The AC (which doubles as the Board of Directors) adopted a policy at its March 1996 meeting, seeking to claim the right to grant or prohibit the use of the initials “PCA” (The fully spelled name, “Presbyterian Church in America” could not be registered.) unless they first vouched that the ministry met their criteria as upholding the values of the PCA: “Approval shall not be granted unless the Committee is able to assert sufficient control over the mark’s use to assure the mark is only utilized in a manner consistent with the doctrinal tenets, existing ministries, and policies of the denomination.” Ultimately, this Assembly did not endorse the AC’s role as guarantor of orthodoxy. Furthermore, the unwise policy revealed that the AC did not fully comprehend the intricacies of emerging electronic technologies and copyright issues. Finally, but perhaps most unacceptable was the policy’s McCarthyite portion that asked for other PCA members to report any violations to central headquarters: “Presbyterian Church in America (A Corporation) requires that any incidents of possible trademark infringement be immediately reported to the Administrative Committee at the denominational level.” All along, of course, on any legitimate matter of possible misrepresentation, the AC could have simply asked that such ministry explicitly identify whose authority they were under or could have asked the proper ecclesiastical court to discipline a member if he was bearing false witness, i.e., representing himself as an official PCA agency, when in fact it was not.
Frank Smith, editor of the PC* News Service, Inc. (who contended that even at the Assembly, the AC had never legally completed its application for such a trademark), was pacified when the AC Committee of Commissioners asked the Assembly to request him to change the name of his publication. It might seem petty to some, but he had a meritorious point: Would the Assembly itself control such matters or let an autonomous Board of Directors (B.O.D.) create heavy-handed policies? In this case, the Assembly chose to reserve that right to itself. Thus, they modified the permanent AC’s approach. Moreover, the AC CofCs added language explicitly requiring that the Board of Directors never be allowed to sue a brother without first going through the ecclesiastical courts—an all too clear requirement that biblical process must be followed, not worldly litigation. Why the B.O.D. and the AC had not resorted to this was inexplicable. Interestingly, some of the B.O.D. the previous day had wanted to exclude the provision for ecclesiastical discipline before civil litigation but backed off only after considerable pleading. Finally, after discussing this matter for some time, the Assembly upheld the CofCs’ recommendations.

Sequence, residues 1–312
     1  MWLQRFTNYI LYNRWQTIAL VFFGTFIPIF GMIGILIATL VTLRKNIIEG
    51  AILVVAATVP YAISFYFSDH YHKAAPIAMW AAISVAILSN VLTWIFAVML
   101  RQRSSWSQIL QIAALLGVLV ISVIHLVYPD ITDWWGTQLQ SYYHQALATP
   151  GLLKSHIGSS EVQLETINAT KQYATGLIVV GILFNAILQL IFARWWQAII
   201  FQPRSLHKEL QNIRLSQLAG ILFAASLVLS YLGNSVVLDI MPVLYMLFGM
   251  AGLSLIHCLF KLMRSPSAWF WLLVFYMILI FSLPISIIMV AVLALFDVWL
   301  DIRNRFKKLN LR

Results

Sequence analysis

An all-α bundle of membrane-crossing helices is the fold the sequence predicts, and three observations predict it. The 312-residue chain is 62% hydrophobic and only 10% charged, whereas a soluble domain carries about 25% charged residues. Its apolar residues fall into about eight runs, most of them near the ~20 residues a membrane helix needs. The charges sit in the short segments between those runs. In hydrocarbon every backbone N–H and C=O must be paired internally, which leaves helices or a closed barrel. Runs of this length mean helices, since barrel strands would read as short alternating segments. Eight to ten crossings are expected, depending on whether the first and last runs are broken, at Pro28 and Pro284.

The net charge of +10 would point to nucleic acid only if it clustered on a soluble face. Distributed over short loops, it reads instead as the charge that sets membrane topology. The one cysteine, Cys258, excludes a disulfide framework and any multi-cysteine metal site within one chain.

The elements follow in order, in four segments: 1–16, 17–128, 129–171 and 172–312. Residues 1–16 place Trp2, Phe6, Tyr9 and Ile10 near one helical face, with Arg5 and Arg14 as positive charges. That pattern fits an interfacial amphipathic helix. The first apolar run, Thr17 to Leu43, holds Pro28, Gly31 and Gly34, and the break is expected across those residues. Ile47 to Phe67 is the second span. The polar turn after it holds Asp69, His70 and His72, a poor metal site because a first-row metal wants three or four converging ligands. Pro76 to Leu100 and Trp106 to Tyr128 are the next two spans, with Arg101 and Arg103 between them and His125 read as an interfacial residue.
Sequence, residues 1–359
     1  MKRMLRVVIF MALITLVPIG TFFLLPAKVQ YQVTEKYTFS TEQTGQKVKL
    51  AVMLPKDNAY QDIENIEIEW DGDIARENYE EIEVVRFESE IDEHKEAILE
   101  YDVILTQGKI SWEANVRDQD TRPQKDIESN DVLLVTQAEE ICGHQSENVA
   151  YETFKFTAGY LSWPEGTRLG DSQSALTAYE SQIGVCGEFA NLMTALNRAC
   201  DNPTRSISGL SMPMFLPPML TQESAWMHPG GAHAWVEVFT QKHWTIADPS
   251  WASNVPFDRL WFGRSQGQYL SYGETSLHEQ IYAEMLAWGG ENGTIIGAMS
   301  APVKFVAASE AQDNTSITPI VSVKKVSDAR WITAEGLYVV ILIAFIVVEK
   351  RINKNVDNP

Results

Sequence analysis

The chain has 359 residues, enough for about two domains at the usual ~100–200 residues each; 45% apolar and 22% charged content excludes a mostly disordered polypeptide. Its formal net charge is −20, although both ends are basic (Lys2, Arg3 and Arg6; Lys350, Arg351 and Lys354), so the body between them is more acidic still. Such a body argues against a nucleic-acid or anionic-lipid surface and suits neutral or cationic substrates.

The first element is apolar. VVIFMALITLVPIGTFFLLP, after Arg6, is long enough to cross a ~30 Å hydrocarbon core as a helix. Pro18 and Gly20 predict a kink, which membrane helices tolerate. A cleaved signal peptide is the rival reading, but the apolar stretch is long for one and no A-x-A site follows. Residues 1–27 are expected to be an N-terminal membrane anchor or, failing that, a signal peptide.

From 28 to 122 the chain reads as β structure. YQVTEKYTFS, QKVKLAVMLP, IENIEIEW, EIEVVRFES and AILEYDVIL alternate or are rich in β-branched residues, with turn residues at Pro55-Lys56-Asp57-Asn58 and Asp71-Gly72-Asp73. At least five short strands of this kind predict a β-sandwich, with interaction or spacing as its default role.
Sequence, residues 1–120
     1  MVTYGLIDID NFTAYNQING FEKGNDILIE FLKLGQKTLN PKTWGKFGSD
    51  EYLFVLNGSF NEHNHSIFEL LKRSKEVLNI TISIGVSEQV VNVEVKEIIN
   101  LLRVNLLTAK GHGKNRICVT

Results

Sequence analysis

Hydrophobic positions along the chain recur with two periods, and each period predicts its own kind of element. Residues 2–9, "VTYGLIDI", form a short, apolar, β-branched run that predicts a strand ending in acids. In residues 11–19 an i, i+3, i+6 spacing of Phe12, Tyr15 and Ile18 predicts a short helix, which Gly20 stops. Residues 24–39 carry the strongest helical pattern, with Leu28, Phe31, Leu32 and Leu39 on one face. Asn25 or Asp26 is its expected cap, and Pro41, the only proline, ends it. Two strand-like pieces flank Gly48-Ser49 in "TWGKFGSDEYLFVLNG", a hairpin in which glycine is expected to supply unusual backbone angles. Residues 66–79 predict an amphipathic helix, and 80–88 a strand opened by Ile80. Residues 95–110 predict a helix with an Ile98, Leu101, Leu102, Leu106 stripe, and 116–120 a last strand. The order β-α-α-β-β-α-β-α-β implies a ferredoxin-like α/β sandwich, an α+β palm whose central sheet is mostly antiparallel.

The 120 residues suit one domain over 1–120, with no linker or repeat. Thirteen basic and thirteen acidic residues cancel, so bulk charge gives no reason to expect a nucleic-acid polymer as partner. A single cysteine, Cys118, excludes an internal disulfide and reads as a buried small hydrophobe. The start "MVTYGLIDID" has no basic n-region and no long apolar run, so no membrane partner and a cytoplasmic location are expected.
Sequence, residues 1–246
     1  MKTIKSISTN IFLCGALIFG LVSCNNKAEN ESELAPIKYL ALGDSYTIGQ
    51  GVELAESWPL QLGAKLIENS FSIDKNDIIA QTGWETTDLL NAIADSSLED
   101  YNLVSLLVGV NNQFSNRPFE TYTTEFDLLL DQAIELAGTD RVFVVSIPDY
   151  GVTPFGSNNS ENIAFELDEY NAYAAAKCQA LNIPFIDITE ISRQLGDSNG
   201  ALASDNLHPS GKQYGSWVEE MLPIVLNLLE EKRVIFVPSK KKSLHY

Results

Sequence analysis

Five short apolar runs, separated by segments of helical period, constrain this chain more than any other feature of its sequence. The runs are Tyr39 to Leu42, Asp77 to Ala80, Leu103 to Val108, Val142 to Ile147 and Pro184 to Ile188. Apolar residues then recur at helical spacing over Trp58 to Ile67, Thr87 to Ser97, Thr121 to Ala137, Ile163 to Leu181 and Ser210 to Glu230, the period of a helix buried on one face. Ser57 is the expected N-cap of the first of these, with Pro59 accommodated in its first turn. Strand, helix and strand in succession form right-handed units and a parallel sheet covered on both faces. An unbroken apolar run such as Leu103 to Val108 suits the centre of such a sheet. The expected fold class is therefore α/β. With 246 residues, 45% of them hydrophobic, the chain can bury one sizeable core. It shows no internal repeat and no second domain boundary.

However, after the matter was completed, former Stated Clerk, Morton Smith rose to make a motion (which once again, Mr. Leopard tried to have ruled out of order; this time, however, the Moderator knew better, ignored the earlier more tenuous parliamentary advice, and permitted a motion). Dr. Smith moved that the B.O.D. formulate specifically what they considered permissible and what was not on this matter, and that such information be sent to every PCA minister and Clerk of Session; thus, the AC’s work would come out into the open and be reviewable the following year. These motions passed unanimously, as it became clear that the Assembly had a mind of its own and would not stand for a highly centralized policy in this matter. The AC now found that it was being directed to do its homework more thoroughly, by communicating its recommendations broadly, and not think that it could act outside the parameters authorized by previous Assemblies. Again, the Assembly was fairly unanimous, even as it corrected a Permanent Committee.